Business Person of the Month Archive

Business Person of the Month: Eric B. Lewis

Eric B. Lewis
President

Ephod Business Solutions

18316 Keystone Ave
Greenwell Springs, LA 70739
225.261.0424
www.ephod-bus.com

Eric B. Lewis - President of Ephod Business Solutions“At Ephod Business Solutions, we strive to provide management and consulting services to the small business owner that will allow their firm to reach its full potential. Through this effor, we believe we encourage economic development within the community.” – Eric B. Lewis

Eric B. Lewis is the President of Ephod Business Solutions, a business management consulting firm providing services in the areas of business development, project management, and technology consulting, based in Baton Rouge with a second office in New Orleans, Louisiana. Ephod Business Solutions is a subsidiary of Ephod Company, L.L.C., a holding company.

Lewis has a Bachelor’s degree in Electrical Engineering from Southern University and a Master’s degree from Louisiana State University. He keeps up-to-date in the business world by reading Black Enterprise, The Greater Baton Rouge Business Report, and biographies of successful CEO’s. In his leisure time, Lewis reads The Advocate. His favorite recreational book is Cane River by Lalita Tademy.

Lewis has a vision for the future development of East Baton Rouge Parish. “I believe East Baton Rouge Parish has the capacity to become the center of a major metropolitan area. If we can take full advantage of some of the existing resources, such as the airport, the interstate, and Mississippi River as well as Southern University, LSU, and BRCC, we will be able to develop the foundation for long-term growth. Over the next few years, emerging industries such as software technologies, video gaming, and entertainment should really begin to strenghthen our local economy. Once this occurs, Baton Rouge will become an attractive community for those desiring to live in the southern region of our country,” states Lewis.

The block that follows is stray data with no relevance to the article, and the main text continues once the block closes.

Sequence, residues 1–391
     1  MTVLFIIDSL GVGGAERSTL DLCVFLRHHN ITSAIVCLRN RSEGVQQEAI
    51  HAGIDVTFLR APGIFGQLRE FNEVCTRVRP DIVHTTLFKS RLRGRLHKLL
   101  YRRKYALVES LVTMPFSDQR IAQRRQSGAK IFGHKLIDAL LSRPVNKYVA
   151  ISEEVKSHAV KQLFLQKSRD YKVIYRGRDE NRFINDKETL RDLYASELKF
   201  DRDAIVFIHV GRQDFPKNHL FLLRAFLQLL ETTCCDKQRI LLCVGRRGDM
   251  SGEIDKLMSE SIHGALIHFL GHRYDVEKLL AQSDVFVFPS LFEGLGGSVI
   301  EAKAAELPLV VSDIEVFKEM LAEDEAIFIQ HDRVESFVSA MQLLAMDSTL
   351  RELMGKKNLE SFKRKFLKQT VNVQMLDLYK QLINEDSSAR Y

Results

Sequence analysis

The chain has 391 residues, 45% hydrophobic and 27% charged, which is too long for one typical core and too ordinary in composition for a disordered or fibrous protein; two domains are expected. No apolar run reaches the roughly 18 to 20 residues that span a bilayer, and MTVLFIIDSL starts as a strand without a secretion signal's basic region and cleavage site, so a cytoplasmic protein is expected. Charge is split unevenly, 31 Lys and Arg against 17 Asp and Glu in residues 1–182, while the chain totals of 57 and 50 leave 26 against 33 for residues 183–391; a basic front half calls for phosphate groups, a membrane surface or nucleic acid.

He is a member of the Baton Rouge Black Chamber of Commerce, Forum 35, NAACP, and the LSU Dean’s Advisory Committee. His favorite quote is “I can do all things through Jesus Christ who strengthens me.”

Business Person of the Month Archive

Business Person of the Month: Trina Prejean

Trina Prejean
Owner/Manager

Don-Lyn Florist

4348 Hwy 19
Zachary, LA 70791
225.654.4551
www.don-lynflorist.com

Trina Prejean - Owner & Manager of Don-Lyn Florist“My little summer time job turned into my lifetime career.” – Trina Prejean

Since 1997, Trina Prejean, a licensed horticulturist, has been the owner and manager for Don-Lyn Florist and gift shop in Zachary, Louisiana. During the summer before her senior year of high school, at the age of 16, Prejean began working for her mentor Earline Durio at The Greenery, a florist shop in Denham Springs, Louisiana. Little did she know that her experience there would lead to her success 26 years later.